Radon in Water


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Radon gas can dissolve in ground water as the waters pass through the underground soils and rocks. This contaminated water can then in turn enter wells and be brought into the household. Radon gas will then be released into the home air as water is used. If a home has a high radon level in air, and there is a well on the property, it should be suspected that the well water may contain high levels of radon. Generally speaing for every 10,000 pCi/L of radon disolved in well water, the water system in the house may be contributing 1 pCi/L to the air radon in the house. Thus the well water radon may be contributing to the radon in the household and raising the risk of lung cancer for those living in the home. There are also studies that have shown that those that drink radon contaminated water have a higher risk of developing stomach cancer. Clearly well water radon is a health issue in our communities though it gets far less press when compared to air radon issues.

Controversy has developed over what constitutes an unsafe level of radon in drinking water. The U.S. Environmental Protection Agency (EPA) estimates that a person has a 1 percent (1 in 100) risk of developing cancer from life-long household use and consumption of water containing 20,000 pCi/L of dissolved radon. The EPA in recent years has considered rules requiring public water supplies to treat their water if radon levels exceed 4000 pCi/L. It is widely accepted that if your well water radon level is greater than 5000 pCi/L, it should be treated.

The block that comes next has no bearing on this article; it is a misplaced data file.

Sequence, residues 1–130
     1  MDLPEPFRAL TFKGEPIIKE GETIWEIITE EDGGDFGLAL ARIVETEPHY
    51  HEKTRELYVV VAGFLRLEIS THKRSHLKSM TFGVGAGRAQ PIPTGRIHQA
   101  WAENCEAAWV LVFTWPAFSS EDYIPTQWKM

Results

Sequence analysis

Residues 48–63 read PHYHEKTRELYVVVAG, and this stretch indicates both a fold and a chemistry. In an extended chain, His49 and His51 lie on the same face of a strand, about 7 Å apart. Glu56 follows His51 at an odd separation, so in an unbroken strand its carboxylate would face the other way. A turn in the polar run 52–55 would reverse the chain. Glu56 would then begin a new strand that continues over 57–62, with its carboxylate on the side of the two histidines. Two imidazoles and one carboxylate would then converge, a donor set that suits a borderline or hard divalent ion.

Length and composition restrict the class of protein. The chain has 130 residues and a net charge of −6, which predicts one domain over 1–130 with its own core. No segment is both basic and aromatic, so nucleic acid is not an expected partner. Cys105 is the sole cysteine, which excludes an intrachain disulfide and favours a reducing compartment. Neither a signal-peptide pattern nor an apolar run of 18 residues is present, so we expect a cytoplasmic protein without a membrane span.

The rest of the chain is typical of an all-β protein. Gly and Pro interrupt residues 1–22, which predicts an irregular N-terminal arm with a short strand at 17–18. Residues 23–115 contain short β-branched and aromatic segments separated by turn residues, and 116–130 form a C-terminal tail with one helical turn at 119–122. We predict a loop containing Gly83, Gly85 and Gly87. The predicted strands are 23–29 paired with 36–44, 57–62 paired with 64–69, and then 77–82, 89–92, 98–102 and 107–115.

Finding radon in well water does not mean disaster for the home owner. Systems have been designed in the past few decades to help home owners treat there water in order to remove dissolved radon gas. Water radon mitigation systems can come at a high cost, however, depending upon how much radon is needed to be removed from the water source. These reduction techniques are discussed in the Mitigation link up above